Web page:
The AICPA has been working on the project of moving the audit into the future for some time now, but the U.S. has suddenly found itself thrust into a remote environment with little in the way or preparation or warning due to the coronavirus pandemic. The Association recommends accountants stick with existing standards, while using creativity and a healthy amount of professional skepticism.
On March 23, the AICPA held a webinar for accountants on conducting remote audits while organizations, both businesses and firms alike, are forced to limit in-person contact as much as possible. Bob Dohrer, chief auditor at the Association, stressed that the existing general auditing standards can and should be complied with, despite difficulties.
“Auditing standards still need to be complied with before issuing an auditor’s report,” Dohrer said. “Believe me, it seems new challenges emerge on a daily basis. Compliance brings some order and normalcy to what we’re seeing today. But this is not an audit holiday — we can’t just say, ‘We did the best we can.’”
One of the main questions accountants brought up during the session was around signature requirements. Audit standards require a manual signature from management indicating acknowledgement of the audit. As of March 23, USPS and other postal service providers are up and running, so Dohrer said auditors should make use of those as much as possible. The requirement is that by the date of the release of the audit report, auditors should have documentation that management acknowledged that they understood the representations. E-signatures, such as via DocuSign, are not accounted for in the standards, but it is at the firm’s discretion as to whether that is enough to satisfy the requirement of management acknowledgement. Also, in the event that a client cannot access their office for letterhead stationary, Dohrer said that letterhead is not required by general audit standards.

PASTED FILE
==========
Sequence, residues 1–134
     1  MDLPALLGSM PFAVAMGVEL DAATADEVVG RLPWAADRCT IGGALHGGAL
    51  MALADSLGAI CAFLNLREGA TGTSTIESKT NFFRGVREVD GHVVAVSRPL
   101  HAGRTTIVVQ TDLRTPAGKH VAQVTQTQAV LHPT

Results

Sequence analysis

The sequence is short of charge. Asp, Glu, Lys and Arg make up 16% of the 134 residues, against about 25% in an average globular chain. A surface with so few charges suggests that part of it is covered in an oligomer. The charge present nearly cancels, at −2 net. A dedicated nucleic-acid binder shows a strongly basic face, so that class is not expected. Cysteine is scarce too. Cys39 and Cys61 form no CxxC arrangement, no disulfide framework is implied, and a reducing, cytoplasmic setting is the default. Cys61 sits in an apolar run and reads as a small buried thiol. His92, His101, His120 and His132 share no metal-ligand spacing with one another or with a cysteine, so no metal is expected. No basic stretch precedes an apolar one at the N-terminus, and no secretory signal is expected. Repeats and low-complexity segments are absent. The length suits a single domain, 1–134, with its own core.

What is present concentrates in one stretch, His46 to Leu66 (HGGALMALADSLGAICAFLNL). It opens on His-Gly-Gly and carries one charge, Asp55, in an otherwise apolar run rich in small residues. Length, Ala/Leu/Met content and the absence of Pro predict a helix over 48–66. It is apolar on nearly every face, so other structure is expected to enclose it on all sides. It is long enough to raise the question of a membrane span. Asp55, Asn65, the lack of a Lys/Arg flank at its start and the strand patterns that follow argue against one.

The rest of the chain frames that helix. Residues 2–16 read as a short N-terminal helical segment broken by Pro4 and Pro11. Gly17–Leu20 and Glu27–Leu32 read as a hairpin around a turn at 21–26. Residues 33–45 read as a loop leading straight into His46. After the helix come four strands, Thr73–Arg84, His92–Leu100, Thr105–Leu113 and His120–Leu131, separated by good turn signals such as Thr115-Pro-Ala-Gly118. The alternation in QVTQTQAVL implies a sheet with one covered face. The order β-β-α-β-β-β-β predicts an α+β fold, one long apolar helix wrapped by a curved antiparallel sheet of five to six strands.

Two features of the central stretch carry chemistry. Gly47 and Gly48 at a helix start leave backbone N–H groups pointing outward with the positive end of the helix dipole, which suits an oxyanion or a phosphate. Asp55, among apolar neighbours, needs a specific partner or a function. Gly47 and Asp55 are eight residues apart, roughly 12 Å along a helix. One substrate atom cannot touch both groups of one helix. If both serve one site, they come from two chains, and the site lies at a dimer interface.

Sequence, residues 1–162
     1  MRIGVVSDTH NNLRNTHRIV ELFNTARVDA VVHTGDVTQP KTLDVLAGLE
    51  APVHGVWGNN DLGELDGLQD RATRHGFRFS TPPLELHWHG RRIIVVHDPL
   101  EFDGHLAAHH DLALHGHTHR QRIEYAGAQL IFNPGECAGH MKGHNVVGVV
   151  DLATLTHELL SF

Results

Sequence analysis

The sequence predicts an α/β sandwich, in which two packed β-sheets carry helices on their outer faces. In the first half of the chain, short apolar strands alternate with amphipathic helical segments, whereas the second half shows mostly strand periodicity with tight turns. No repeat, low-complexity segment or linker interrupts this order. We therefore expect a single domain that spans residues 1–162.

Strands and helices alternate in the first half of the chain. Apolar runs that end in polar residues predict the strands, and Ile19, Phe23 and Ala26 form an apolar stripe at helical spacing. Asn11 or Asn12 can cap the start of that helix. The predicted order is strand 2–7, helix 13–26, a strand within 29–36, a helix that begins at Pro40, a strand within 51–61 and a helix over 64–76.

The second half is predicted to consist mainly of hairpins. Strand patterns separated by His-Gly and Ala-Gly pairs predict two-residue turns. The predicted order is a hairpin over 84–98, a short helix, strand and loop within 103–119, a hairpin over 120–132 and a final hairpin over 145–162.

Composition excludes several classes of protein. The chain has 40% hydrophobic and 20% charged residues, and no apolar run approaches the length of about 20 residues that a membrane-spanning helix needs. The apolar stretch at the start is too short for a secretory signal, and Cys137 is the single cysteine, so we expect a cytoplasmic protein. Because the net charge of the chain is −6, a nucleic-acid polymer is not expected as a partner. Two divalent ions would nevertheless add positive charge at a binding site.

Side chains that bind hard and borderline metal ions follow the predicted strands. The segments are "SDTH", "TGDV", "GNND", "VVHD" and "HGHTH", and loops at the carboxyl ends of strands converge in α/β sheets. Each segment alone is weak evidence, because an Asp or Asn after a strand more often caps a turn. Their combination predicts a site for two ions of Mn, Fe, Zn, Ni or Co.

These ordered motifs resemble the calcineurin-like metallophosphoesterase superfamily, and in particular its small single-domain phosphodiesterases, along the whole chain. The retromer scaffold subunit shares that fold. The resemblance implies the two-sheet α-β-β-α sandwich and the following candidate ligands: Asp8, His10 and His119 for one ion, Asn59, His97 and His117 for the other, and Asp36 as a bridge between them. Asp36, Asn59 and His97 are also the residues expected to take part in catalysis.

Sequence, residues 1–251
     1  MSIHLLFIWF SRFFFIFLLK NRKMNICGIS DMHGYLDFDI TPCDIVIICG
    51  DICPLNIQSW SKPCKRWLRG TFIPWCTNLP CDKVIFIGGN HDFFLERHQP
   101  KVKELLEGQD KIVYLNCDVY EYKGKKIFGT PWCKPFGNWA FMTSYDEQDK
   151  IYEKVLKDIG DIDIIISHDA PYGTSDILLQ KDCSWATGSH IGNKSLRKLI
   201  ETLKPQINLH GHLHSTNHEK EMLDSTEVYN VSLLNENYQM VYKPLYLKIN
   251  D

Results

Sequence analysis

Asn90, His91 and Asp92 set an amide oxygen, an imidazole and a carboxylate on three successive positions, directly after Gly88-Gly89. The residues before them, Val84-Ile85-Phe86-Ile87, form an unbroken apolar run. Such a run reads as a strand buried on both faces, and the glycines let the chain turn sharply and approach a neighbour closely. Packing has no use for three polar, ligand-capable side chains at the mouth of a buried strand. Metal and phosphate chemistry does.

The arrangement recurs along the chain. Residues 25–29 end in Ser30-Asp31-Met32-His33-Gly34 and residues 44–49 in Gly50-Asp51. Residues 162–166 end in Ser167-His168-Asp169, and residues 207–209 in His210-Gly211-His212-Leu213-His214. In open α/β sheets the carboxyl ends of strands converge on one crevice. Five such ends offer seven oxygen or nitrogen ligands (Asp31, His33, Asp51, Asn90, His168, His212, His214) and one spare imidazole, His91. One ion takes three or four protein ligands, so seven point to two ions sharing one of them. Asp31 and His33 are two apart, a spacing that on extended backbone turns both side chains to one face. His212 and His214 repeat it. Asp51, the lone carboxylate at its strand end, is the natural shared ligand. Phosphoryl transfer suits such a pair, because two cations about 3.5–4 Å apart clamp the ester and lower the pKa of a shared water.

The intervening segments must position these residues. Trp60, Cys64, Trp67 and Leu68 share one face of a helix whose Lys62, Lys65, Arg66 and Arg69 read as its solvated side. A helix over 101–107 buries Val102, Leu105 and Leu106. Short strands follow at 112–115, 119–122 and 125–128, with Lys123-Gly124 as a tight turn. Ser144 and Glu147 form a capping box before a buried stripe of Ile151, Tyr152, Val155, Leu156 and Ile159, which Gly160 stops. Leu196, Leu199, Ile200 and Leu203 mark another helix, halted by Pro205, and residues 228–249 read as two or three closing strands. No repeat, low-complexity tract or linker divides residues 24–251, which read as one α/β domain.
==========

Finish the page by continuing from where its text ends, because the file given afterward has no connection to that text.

Dohrer noted that during this time, using past year audit practices for a client may not work.
“There is no doubt that clients are processing financial information in ways they have not done in the past,” he said. “If they don’t have employees come into the office, they’ve had to adjust the way they’re processing transactions, for example. You need to think about what they are doing — is it designed effectively? In some cases it’s likely to be a little bit like a new audit. Last year’s understanding won’t work.”
It’s also important that while conducting remote audits, especially of fraud inquiries, extra vigilance is used when examining documents sent via mail or electronically.
“We’re going to see a lot of transmission back and forth of electronic replicas and scanned images,” Dohrer said. “As a reminder, audit standards do not require us to authenticate documents of that nature, but standards do direct us to exercise healthy professional skepticism. As that relates to looking at fewer and fewer original documents, be aware of alterations and things that look strange.”
Finally, if an audit requires inventory examination, accountants were encouraged to think creatively. Nothing in the audit standards prohibits an inventory evaluation being conducted on a video feed, for example, but auditors are encouraged to verify as much as possible that the video is originating from the company location, perhaps by asking for a view of street and building signage. Auditors should also be aware of what could be going on off camera in this situation.
“A remote video consideration works very well for counting inventory, but if you’re in a situation where there’s risk of quality of goods, and you can’t feel, touch, or smell it, think about what you can do in that situation,” Dohrer said.
Dohrer added that retaining video is “probably not needed.”